Extension Block Pinning for Unstable Proximal Interphalangeal Joint Dorsal Fracture Dislocations

Eero Waris, Simo Mattila, Tarvo Sillat, Teemu Karjalainen
Journal of Hand Surgery 2016, 41 (2): 196-202

PURPOSE: To evaluate the outcomes of extension block pinning used to treat unstable dorsal fracture dislocations of the proximal interphalangeal (PIP) joint. The factors affecting the functional outcome were analyzed.

METHODS: A series of 53 patients with 55 dorsal fracture dislocations of the PIP joint treated with closed reduction and extension block pinning were retrospectively reviewed. Additional percutaneous intramedullary fracture reduction (16 cases) or open fracture reduction (4 cases) had been performed. The radiological and clinical evaluations were included.

RESULTS: At a mean follow-up of 5.2 years (range, 1.0-10.6 years), 39 patients with 41 injured fingers were evaluated. The fracture fragments involved 30% to 69% (mean, 50%) of the articular surface of the middle phalanx. The mean range of motion was 80° (range, 35° to 115°) at the PIP joint with a mean extension loss of 6° (range, 0° to 50°) excluding 2 joints that were salvaged with arthrodesis. The mean range of motion of the distal interphalangeal joint was 68° (range, 5° to 90°). The mean visual analog scale for digit pain was 1.5/10. The reduction of the joint was achieved intraoperatively in all cases. However, after the hardware removal, recurrent minimal subluxation was observed in 12 cases (29%). Recurrent subluxation was associated with increased residual pain. The length of follow-up time had a positive correlation, whereas the patient age had a negative correlation with the range of motion of the injured PIP joint.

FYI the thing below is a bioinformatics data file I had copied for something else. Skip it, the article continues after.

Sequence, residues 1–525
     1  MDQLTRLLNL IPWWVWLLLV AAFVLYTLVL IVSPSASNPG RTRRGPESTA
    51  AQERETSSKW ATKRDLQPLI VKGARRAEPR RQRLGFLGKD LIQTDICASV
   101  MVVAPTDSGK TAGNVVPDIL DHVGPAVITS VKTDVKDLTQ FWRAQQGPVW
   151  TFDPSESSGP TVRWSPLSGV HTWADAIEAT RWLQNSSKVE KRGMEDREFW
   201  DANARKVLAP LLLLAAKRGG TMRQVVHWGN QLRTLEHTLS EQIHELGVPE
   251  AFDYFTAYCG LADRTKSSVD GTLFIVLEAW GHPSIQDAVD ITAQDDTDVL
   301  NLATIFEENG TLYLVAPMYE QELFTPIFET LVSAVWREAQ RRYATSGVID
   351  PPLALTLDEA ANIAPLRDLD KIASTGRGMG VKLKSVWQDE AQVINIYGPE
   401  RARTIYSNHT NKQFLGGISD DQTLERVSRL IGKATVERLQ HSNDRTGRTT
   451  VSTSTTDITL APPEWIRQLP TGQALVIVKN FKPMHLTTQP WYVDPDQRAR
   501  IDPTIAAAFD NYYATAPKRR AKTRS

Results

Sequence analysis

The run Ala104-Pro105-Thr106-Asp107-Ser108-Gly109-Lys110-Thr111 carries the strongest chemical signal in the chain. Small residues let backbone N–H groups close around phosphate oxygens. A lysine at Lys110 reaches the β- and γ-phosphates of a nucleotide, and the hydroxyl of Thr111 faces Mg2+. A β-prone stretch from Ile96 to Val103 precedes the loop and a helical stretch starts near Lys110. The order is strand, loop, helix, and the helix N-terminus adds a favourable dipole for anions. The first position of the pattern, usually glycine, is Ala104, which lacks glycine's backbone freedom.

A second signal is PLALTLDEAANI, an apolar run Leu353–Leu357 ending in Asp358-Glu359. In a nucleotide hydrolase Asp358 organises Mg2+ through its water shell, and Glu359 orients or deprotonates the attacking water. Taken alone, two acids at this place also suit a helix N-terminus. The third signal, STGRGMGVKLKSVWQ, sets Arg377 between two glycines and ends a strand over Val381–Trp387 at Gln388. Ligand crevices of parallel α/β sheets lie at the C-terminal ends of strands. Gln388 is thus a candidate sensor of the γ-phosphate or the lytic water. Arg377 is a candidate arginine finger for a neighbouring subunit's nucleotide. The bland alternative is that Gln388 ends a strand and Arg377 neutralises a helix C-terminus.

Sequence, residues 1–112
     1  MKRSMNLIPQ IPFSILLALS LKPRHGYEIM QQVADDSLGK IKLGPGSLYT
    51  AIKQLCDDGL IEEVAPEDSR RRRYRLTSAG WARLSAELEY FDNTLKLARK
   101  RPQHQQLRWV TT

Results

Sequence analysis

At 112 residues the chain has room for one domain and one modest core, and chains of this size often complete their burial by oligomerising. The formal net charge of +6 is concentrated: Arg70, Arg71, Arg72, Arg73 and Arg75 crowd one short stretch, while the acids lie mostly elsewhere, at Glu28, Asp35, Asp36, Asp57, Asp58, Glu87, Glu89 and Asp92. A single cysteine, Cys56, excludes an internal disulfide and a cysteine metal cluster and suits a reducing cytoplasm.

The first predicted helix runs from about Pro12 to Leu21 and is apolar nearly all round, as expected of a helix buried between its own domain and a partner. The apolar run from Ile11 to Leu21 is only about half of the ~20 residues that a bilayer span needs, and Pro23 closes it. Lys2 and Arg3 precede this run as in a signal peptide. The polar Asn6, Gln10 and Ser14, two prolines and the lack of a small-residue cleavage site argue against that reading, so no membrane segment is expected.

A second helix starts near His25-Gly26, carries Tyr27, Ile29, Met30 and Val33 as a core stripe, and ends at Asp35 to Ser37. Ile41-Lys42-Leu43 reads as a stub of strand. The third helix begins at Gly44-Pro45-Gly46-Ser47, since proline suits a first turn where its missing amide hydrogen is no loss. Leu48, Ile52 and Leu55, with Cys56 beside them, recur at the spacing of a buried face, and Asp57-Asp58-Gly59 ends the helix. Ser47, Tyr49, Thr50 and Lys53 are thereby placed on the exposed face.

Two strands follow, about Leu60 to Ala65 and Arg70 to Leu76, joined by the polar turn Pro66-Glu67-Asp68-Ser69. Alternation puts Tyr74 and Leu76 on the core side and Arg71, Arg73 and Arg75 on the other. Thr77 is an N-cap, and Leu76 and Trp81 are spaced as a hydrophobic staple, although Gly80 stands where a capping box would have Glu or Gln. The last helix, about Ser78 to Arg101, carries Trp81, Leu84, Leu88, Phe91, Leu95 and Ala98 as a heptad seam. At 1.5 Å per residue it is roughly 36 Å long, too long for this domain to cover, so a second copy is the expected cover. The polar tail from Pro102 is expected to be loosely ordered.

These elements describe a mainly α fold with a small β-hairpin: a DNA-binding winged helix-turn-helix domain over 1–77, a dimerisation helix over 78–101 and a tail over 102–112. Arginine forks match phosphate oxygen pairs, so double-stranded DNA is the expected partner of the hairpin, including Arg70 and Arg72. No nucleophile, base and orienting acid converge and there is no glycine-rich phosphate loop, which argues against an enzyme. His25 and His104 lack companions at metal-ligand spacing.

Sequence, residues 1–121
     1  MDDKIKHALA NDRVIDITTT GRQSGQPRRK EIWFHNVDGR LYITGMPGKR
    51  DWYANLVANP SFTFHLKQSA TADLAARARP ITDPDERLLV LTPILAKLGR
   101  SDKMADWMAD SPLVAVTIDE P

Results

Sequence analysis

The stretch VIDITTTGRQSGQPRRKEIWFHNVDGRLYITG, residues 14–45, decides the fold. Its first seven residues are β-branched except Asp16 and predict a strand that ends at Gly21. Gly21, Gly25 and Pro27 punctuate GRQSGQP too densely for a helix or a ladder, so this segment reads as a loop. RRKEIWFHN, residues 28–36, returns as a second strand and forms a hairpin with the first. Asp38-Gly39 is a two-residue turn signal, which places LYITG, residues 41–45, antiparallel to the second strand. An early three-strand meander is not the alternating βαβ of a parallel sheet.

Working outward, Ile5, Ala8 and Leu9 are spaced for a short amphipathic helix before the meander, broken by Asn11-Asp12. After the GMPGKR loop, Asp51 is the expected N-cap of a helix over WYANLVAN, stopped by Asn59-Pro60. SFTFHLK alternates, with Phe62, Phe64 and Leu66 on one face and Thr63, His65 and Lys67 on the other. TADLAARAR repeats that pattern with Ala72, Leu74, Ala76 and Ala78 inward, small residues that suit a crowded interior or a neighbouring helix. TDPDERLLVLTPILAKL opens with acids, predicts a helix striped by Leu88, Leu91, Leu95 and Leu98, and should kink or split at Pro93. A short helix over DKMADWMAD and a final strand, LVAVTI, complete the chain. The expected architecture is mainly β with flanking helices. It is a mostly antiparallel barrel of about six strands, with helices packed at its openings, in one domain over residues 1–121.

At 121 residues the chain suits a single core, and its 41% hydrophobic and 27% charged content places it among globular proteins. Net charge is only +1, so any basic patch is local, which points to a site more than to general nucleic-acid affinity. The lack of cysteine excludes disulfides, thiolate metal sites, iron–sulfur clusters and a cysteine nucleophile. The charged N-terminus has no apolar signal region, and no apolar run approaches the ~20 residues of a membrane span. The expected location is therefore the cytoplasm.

CONCLUSIONS: The extension block pinning technique is a simple and valuable technique for treating unstable dorsal PIP fracture-dislocation injuries producing satisfactory long-term results.

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